63) Some members of staff will be returning to the workforce after maternity leave and will not have experienced home learning in the same way as their colleagues. Experts have warned Covid-19 has had a negative impact on maternal mental health beyond that seen in the general population, where reported rates of anxiety have more than doubled. Consideration should be given to their re-induction to the workforce, with individual risk assessments to be completed where appropriate.


Support in the workplace

64) Discourse in the media and on social media during the COVID-19 crisis has included narratives which contribute to racial stereotypes. Schools should be aware of the increased risk of racist incidents or bullying against particular members of staff, as well as the possible impact on the mental wellbeing of staff. Minority Ethnic (ME) communities make up approximately 1.8% of Scotland's teaching workforce[43].

65) An analysis of hospitalisations and more severe outcomes among people who have tested positive for COVID-19 has been updated with more recent data to further improve precision of statistical estimates of risk among ethnic minority groups. These results point to further evidence of around a 2-fold increase in risk of admission to critical care or death due to COVID-19 among those of South Asian origin. This increased risk was particularly evident among the Pakistani group and was still apparent after accounting for deprivation, residential care home status and diabetic status. There is evidence of an increased risk of hospitalisation due to COVID-19 among those of Caribbean or Black ethnicity[44].

  • Therefore guidance highlights that employers should remain mindful of their duties under the Equality Act 2010, and provide additional wellbeing or occupational health support for example in the form of risk assessments if requested.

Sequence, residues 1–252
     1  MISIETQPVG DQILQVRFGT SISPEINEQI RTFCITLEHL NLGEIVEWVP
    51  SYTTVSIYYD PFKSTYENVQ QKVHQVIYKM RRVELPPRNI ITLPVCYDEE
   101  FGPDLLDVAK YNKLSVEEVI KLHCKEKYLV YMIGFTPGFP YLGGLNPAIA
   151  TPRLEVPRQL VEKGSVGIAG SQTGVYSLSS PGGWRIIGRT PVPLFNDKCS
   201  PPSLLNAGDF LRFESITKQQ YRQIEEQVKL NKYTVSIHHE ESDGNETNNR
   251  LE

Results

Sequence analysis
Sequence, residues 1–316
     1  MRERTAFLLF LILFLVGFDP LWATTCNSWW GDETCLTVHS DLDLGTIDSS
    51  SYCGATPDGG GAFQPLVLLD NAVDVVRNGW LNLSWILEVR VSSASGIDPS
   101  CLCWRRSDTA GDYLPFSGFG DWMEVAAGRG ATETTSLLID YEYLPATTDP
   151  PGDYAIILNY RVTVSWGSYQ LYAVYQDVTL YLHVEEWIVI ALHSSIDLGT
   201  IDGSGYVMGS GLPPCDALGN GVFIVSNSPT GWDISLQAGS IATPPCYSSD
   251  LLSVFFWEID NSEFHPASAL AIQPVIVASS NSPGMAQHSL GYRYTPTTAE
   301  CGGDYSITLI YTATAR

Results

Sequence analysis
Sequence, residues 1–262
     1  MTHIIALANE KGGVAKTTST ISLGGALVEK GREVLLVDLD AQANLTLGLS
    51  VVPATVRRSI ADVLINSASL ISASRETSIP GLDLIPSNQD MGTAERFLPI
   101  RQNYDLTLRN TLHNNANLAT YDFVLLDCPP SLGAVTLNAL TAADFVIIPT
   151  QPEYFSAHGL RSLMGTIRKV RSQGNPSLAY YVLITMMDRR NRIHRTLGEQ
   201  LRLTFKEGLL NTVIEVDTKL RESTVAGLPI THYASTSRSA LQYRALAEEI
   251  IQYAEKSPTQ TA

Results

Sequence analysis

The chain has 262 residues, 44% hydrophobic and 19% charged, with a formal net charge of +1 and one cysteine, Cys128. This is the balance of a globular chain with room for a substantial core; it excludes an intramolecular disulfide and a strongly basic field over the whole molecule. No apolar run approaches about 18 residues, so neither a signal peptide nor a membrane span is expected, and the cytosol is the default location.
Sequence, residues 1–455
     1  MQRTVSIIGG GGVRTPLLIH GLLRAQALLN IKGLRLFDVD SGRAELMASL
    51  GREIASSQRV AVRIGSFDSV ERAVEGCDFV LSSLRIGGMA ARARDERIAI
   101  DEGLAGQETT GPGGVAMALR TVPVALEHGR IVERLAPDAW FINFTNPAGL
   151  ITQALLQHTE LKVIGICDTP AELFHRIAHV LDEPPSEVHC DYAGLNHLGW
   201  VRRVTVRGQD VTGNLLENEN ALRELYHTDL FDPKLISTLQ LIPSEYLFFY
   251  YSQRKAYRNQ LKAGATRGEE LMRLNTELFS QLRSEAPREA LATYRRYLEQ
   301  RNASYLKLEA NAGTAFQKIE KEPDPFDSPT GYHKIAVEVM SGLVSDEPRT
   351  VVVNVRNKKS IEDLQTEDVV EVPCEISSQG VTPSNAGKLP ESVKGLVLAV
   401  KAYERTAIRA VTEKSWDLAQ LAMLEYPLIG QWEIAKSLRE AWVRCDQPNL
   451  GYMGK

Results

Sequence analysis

Religion or belief


66) With the widely recognised impact of school closures on the wellbeing of pupils and staff, it is likely that staff with a religious role may play a significant role in supporting staff and pupils as schools reopen.

  • The impact of this aspect of the role on the health and wellbeing of those staff should be taken into account when assessing their specific occupational health support needs.

Sexual orientation

67) There are not considered to be any areas of this policy area that disproportionately impact groups with this protected characteristic.

Marriage & civil partnership

68) There are not considered to be any areas of this policy area that could disproportionately impact groups with this protected characteristic.

Socio-economic disadvantage

69) Some members of the workforce, including those with lower incomes, may be more dependent upon the use of public transport to travel to work. Employers should be aware of the impact of wider restrictions across Scotland.

Island communities


70) When considering the teacher workforce, staff working in rural locations, including on islands, will need to be taken into consideration at a local authority level. This may be a particular issue when a member of staff is required to undertake inter-island travel in order to get to work, if restrictions are required on public transport.

Digital equity

71) Staff within remote, rural and island areas, if working from home and engaging in remote learning from January will require digital connectivity.

Gaelic medium education

72) There are 310 FTE GME teachers in Scotland. In line with the general teaching population around a quarter of them are 50 years of age or older[45]. When considering the teacher workforce, GME teachers will also need to be taken into account.